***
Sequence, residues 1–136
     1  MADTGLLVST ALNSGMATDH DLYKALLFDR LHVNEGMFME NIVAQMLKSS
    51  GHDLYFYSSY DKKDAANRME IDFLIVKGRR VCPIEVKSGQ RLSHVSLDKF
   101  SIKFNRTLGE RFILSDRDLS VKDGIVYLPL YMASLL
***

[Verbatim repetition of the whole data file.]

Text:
Sequence, residues 1–136
     1  MADTGLLVST ALNSGMATDH DLYKALLFDR LHVNEGMFME NIVAQMLKSS
    51  GHDLYFYSSY DKKDAANRME IDFLIVKGRR VCPIEVKSGQ RLSHVSLDKF
   101  SIKFNRTLGE RFILSDRDLS VKDGIVYLPL YMASLL